“We’ve had no criticism,” Hale assured. “We’ve gone to great pains to make everything safe, starting by being located in the industrial park. It’s the right place for us and we do a lot for odor controls so people standing outside will think ‘that’s a cannabis facility’?”

He also said resins are only just the beginning of what Adastra has in store; the company is additionally moving into the edibles and beverages market by developing a soluble cannabis powder project under a joint venture.

“It’s like a sugar package that people can pour and mix into their drink,” Hale explained.

October will see two years since the previously prohibited substance was legalized.

As far as how the cannabis market is going as a whole, Hale said the detractors have all but died off and people are understanding that it’s a good market.

“People took us seriously from the beginning and we have always believed in what were doing,” Hale said.

While Hale believes the Langley area is at the forefront of growing and production in Canada, it is still lacking in retail options.

”People are going to downtown Vancouver or White Rock to purchase their products. It’s a lost opportunity not to be doing retail here yet,” he said. “I know the Township is looking at applications right now and I think they can easily allow them to be in the right places away from schools etc.”

The Township of Langley (TOL) received a total of 20 commercial cannabis store applications, with almost half of those requests located in Aldergrove.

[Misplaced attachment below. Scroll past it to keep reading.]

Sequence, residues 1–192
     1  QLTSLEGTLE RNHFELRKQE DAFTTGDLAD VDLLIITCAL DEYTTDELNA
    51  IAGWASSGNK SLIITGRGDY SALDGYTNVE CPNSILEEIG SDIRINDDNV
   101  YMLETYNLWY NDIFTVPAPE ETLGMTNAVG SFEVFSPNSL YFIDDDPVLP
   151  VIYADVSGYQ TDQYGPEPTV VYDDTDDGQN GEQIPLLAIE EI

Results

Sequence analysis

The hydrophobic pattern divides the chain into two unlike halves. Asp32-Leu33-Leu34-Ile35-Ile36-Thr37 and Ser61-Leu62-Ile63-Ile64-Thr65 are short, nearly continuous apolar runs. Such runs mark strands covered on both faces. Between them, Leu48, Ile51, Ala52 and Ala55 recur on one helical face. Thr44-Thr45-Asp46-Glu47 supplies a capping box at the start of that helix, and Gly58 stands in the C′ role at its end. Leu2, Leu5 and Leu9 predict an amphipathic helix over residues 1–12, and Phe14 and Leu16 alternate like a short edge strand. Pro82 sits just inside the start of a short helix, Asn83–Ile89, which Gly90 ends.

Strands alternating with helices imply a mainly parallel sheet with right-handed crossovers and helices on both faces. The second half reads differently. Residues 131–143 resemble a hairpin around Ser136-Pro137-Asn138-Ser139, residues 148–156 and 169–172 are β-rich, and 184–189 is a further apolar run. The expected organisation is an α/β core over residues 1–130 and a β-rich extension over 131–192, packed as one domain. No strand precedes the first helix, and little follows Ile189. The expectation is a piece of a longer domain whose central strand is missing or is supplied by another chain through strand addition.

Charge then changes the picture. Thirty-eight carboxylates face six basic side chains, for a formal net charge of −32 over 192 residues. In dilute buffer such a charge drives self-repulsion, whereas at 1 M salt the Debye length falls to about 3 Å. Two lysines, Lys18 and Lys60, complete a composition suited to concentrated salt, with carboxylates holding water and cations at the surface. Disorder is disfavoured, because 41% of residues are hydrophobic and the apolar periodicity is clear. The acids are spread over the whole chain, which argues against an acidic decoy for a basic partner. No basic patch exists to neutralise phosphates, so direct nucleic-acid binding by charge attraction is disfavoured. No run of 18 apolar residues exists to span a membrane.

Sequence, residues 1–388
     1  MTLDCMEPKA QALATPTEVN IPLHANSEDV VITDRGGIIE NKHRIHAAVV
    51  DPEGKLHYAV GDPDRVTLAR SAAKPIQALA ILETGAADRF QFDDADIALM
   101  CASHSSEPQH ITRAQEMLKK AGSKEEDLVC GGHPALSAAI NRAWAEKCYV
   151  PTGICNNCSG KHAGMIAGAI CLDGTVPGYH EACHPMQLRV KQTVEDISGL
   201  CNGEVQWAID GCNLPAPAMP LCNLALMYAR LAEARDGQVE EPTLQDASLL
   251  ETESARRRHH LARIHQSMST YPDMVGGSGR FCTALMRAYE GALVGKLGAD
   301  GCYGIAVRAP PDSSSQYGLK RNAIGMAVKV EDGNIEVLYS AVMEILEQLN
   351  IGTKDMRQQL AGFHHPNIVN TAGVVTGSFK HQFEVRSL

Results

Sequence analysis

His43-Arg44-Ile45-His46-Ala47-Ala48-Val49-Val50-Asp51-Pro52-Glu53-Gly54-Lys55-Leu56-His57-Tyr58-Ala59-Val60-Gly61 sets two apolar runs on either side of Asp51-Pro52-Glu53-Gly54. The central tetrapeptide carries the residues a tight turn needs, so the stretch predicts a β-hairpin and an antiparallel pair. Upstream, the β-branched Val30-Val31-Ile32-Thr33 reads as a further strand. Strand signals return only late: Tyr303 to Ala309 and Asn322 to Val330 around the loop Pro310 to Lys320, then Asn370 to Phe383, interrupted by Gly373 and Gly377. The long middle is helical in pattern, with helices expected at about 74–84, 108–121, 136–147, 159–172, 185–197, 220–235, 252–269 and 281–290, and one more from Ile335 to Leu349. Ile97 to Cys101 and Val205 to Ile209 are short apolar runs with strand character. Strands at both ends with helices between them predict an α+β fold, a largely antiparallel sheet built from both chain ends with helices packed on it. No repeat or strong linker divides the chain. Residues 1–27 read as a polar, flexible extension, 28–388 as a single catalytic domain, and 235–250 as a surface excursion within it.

All applications, which were received before Aug. 31, will now be presented together, by area, at a future meeting.

Council is expected to start looking at submitted applications and grant permit approvals in the fall – allowing one retail cannabis shop per neighbourhood.


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Cannabis product packaging at Adastra Lab Holdings in the Langley Township. (Ryan Uytdewilligen/Aldergrove Star)

Donald Dinsmore makes cannabis products at Adastra Lab Holdings in the Langley Township. (Ryan Uytdewilligen/Aldergrove Star)

Donald Dinsmore makes cannabis products at Adastra Lab Holdings in the Langley Township. (Ryan Uytdewilligen/Aldergrove Star)

Donald Dinsmore shows distillate cannabis products at Adastra Lab Holdings in the Langley Township. (Ryan Uytdewilligen/Aldergrove Star)

Cannabis product packaging at Adastra Lab Holdings in the Langley Township. (Ryan Uytdewilligen/Aldergrove Star)

Cannabis at Adastra Lab Holdings in the Langley Township. (Ryan Uytdewilligen/Aldergrove Star)

Cannabis at Adastra Lab Holdings in the Langley Township. (Ryan Uytdewilligen/Aldergrove Star)